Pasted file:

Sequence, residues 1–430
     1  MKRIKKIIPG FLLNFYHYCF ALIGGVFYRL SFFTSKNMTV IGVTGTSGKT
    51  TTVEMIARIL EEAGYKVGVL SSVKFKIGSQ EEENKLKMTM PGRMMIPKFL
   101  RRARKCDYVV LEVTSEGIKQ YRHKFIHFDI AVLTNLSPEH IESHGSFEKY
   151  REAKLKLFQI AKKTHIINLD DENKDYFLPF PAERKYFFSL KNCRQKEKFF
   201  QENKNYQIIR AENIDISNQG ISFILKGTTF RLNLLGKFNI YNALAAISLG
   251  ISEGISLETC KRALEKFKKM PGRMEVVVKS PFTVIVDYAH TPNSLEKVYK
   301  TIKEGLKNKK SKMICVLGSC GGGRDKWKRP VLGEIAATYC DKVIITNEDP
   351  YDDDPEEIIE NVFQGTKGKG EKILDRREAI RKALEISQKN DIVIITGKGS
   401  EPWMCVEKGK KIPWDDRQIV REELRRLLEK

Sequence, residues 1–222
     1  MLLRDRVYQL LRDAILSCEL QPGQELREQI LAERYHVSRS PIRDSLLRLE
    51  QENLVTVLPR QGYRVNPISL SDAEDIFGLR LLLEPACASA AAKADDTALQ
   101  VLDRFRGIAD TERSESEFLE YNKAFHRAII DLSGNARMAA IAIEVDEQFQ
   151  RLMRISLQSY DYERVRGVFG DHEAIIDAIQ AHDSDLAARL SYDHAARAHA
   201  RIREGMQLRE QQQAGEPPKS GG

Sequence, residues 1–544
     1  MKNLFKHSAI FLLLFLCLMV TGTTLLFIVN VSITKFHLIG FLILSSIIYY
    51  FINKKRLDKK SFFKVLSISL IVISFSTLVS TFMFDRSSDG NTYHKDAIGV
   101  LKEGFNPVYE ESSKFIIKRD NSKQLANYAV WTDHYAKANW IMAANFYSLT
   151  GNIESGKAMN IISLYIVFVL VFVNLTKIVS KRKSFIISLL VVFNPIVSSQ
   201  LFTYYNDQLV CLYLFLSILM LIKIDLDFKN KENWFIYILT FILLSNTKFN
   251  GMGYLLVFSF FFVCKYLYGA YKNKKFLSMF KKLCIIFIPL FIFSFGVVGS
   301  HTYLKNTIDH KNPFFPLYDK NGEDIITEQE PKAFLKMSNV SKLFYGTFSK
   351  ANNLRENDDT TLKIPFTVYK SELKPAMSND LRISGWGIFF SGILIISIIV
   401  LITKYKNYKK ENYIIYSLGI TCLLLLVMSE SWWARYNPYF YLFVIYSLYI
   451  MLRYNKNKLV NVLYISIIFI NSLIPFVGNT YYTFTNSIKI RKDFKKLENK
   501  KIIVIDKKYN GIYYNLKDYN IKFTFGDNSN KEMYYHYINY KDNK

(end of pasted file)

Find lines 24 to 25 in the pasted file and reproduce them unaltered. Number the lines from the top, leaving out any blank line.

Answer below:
   301  HTYLKNTIDH KNPFFPLYDK NGEDIITEQE PKAFLKMSNV SKLFYGTFSK
   351  ANNLRENDDT TLKIPFTVYK SELKPAMSND LRISGWGIFF SGILIISIIV